The First Six Months

The First Six Months

The First Six Months

‘This is why you do it, and this is why you’re here.’

This is the mantra I repeat to myself, three times over, on the start line every time I race. When the adrenalin and the tension reach fever pitch, I grab hold of my nerves, close my eyes and rest them on my forearms.

‘This is why you do it. And this is why you’re here.’

Three times, every time.

I say it to remind myself that, despite the fear, I love this.

The fear doesn’t come from being afraid of crashing. That’s happened too many times already. It comes with the job.

No, the fear comes from knowing the pain I am about to put myself though, from knowing that no matter how good my last result was, it means nothing now.

You take your wheel to the edge of the precipice and you look over the lip. Every time. When the hammer drops you have a choice, to let the wheel in front of you go…

Or not.

If you let it go you have become broken. If, when the final push comes and the chance is there to break them and you let that pass, you have lost. It doesn’t matter where the finish line is or where you’ll be placed when you cross it, because you aren’t going to be first.

If you’ve already lost in your mind, you’re lost for good.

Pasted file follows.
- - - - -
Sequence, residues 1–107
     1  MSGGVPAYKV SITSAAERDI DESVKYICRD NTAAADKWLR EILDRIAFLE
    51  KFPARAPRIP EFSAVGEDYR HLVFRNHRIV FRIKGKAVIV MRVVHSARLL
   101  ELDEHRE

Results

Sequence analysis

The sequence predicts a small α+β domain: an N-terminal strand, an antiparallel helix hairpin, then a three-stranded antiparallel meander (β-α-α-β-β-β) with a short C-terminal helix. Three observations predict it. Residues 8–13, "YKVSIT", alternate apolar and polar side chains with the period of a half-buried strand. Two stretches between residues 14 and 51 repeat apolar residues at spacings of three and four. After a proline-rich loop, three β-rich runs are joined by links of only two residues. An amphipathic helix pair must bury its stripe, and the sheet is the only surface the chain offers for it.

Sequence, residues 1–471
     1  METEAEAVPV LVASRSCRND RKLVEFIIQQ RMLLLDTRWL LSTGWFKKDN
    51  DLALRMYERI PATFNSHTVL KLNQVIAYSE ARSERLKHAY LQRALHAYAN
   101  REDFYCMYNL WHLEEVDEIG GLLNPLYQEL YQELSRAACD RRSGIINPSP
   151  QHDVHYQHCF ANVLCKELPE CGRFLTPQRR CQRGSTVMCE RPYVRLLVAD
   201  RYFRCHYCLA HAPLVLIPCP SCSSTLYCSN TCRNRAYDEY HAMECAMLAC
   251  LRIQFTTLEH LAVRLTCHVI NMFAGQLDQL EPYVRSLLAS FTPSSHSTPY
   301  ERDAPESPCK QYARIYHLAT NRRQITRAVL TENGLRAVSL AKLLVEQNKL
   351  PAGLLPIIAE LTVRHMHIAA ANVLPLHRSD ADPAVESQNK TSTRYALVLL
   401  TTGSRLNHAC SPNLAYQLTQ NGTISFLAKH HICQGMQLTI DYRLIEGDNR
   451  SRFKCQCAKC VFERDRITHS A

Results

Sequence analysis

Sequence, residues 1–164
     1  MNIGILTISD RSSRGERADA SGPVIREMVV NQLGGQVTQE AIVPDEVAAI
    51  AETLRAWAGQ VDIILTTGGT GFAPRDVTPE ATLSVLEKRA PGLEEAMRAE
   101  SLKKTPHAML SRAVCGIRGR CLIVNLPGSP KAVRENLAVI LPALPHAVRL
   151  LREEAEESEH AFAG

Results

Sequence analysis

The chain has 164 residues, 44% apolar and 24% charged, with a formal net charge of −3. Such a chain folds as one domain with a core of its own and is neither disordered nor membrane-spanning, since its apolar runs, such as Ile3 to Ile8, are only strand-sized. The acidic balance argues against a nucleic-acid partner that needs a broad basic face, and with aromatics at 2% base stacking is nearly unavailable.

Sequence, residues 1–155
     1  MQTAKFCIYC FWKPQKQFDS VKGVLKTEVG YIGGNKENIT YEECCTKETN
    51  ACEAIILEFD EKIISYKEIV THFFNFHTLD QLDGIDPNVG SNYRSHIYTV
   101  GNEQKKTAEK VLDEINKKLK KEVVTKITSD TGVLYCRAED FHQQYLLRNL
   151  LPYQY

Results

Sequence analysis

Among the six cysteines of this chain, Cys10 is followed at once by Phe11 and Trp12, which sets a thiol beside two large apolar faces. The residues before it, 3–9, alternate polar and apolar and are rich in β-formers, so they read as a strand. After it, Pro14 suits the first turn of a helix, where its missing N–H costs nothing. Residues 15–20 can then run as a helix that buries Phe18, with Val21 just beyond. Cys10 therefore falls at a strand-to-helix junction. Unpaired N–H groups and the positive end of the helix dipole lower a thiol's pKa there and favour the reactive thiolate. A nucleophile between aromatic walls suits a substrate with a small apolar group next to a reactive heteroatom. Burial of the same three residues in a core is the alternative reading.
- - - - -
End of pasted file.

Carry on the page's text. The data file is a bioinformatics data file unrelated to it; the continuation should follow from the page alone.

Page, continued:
Every time we clip in, every time we set that crank arm rotating, we make ourselves heard. Tiny black dots in the universe. In that yawning chasm of space, creating something.

From dust, of dust, to dust. But rage inbetween.

The bike is an expression of what you are, of what you can be. It seeps like light into the fabric of your existence.

The road the canvas.

The bike the brush.

The will the ink.

Indelible, irreversible, indivisible.

It hurts, because you want it to be that way.

You make that choice.

….

When 2014 began it found me with a deep sense of trepidation and with none of the chutzpah contained in the words above.

I was beginning my 5th year as a professional cyclist and my first ever without a team. Browned off with the politics of the squads I’d been on over the years, I decided to go it alone and see what happened.